Selected filmography: The 40-Year-Old Virgin (2005), Knocked Up (2007), Funny People (2009)
When you have names like Seth Rogen, Paul Rudd, Jason Segel, and Steve Carell attached to a film, you know you have a box office hit, if not the comedy of the summer, or, ideally, a comedy that defines a generation. There's a secret behind those comedy touchstones, and his name is Judd Apatow.
Everything the man attaches himself to is guaranteed to be billed as a comedy triumph, so much so that he's credited with creating a new formula for the genre. It's inspired Rogen's own work, namely This Is the End, and encourages other up-and-comers to seek out notes about this new science, including his protege Lena Dunham.
He offers us the big feelings we crave from the movies. At his best, he moves us to laughter and tears, as is the case with with Funny People, a film about a comedian with a terminal health condition. Apatow's movies are never too happy or too dramatic to the point where you're reminded that this is a film, this is all fantasy.
Many of his movies, including ones he produces, feel like teen comedies that just hit puberty. They're coming-of-age tales, but for adults. The 40-Year-Old Virgin remains the best example of this. In the film, a grown man is confronted with the same hardship a kid heading off to college might face: getting laid for the first time. Knocked Up explores a similar topic, with a man-boy forced to grow up after a one-night stand results in a pregnancy. There's a reason why these films have become the ones you stop to watch while channel surfing on a Saturday afternoon: You can relate to them.
This humanization is a testament to the actors that Apatow has brought into his crew. He's truly created a family out of his favorite people. He trusts his actors, and in turn they trust him, and in Rogen and Segel's case, they even emulate him. In one decade, Apatow helped launch the movie careers of Rogen, James Franco, and Steve Carell. On top of that, he helped recreate Paul Rudd, who was making the switch from supporting roles or the romantic interest in teen comedies, as a full-fledge comedy star.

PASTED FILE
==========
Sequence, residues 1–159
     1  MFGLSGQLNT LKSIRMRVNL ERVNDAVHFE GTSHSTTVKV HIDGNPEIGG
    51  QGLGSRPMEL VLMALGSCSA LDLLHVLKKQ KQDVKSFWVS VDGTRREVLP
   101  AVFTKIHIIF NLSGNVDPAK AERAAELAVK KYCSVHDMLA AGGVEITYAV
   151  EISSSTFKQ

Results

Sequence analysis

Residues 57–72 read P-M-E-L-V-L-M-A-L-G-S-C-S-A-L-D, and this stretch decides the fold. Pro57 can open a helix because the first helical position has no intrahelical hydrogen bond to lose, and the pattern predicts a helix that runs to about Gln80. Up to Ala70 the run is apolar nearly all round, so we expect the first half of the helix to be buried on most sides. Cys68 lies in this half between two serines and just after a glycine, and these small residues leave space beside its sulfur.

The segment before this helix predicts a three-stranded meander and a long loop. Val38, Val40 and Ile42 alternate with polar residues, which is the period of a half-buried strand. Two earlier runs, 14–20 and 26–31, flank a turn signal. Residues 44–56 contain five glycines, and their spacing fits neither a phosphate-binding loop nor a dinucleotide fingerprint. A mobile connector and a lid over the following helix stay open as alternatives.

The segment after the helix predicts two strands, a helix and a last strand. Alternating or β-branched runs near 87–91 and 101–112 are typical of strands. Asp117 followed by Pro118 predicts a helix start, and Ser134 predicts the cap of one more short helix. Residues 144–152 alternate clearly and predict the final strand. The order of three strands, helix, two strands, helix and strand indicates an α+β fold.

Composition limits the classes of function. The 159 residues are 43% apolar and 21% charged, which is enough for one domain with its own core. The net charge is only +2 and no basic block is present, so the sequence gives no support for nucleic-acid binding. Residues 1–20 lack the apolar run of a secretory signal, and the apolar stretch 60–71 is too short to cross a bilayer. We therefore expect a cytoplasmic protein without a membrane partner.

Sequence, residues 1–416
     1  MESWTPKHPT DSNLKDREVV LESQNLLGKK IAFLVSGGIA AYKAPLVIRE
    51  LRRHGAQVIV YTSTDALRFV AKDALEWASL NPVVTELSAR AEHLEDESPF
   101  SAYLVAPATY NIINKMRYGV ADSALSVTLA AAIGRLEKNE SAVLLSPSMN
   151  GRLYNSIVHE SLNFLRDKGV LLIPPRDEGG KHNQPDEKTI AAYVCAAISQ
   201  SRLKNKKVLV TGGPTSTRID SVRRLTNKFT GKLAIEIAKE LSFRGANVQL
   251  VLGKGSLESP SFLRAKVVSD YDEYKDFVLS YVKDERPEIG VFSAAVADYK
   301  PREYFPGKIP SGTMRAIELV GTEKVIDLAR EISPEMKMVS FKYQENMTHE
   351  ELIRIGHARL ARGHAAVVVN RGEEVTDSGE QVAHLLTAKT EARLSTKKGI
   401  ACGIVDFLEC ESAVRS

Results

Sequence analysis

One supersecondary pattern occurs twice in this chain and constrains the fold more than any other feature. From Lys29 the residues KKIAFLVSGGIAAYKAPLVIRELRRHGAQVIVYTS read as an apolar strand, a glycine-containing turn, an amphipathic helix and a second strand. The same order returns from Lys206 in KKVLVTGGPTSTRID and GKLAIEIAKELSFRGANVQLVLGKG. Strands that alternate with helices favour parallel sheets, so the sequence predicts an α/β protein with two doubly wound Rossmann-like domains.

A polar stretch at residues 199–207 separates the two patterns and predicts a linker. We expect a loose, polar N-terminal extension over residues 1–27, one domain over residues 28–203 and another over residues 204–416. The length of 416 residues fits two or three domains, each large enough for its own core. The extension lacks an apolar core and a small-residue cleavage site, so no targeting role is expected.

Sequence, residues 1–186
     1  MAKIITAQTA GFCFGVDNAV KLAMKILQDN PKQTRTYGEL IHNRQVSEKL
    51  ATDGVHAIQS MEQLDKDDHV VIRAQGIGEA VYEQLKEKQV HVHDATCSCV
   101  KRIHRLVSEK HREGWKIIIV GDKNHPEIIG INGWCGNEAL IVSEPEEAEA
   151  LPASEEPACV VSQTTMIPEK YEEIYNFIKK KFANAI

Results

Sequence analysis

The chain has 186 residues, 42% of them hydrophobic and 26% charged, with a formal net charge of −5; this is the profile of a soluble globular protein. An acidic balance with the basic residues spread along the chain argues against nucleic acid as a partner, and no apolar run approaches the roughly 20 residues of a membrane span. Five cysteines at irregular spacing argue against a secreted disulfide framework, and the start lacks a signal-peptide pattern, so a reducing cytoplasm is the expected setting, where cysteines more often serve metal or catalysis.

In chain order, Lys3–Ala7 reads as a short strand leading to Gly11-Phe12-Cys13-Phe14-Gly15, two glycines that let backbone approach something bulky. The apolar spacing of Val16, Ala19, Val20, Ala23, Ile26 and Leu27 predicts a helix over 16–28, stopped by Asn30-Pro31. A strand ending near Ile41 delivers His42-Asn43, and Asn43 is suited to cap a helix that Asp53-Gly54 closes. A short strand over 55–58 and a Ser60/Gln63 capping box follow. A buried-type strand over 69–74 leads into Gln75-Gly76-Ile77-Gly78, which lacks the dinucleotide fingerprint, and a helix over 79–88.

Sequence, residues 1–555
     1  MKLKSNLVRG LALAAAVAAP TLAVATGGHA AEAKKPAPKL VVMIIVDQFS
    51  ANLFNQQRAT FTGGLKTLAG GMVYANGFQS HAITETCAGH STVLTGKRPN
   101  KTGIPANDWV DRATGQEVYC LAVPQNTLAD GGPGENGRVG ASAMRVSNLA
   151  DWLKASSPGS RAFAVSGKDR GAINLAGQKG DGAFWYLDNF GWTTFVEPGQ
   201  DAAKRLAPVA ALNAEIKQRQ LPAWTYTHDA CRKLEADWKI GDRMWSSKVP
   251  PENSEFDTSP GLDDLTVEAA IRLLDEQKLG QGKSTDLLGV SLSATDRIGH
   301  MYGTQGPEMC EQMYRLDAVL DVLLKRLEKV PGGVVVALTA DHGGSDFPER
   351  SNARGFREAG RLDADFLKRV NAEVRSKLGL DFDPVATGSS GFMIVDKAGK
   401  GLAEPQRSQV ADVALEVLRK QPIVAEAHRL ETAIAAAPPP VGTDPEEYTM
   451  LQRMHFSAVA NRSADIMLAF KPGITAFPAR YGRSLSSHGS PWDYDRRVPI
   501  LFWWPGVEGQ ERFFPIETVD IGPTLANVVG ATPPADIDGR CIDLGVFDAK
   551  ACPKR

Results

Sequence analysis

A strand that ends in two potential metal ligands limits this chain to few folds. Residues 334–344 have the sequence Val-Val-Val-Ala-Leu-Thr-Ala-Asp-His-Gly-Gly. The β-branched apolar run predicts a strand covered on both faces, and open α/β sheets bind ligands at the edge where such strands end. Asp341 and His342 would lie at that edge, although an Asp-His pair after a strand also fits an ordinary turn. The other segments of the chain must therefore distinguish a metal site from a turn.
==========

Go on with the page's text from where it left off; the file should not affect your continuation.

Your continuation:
His movies made them the personalities who are considered the faces of comedy today, as he tends to focus on the real actor behind the character rather than the character itself. Pineapple Express and This Is the End would never have been successful if we didn't know these actors as the heightened versions of themselves Apatow introduced us to.
And his impeccable eye for talent has never failed him; we'd be hardpressed to find someone he put on that didn't find greater success. He gave Aubrey Plaza a shot and let Jonah Hill shine in Funny People and, in the following decade, helped make Kristin Wiig the biggest name in comedy by producing Bridesmaids. Even his cameos shouldn't be dismissed; Jane Lynch, Leslie Mann, and Elizabeth Banks are unforgettable in The 40-Year-Old Virgin.
Apatow is one of the only modern directors we'd put up against Howard Hawks and Woody Allen. His influence on comedy films today is too broad—he created them and everyone in them. —Tara Aquino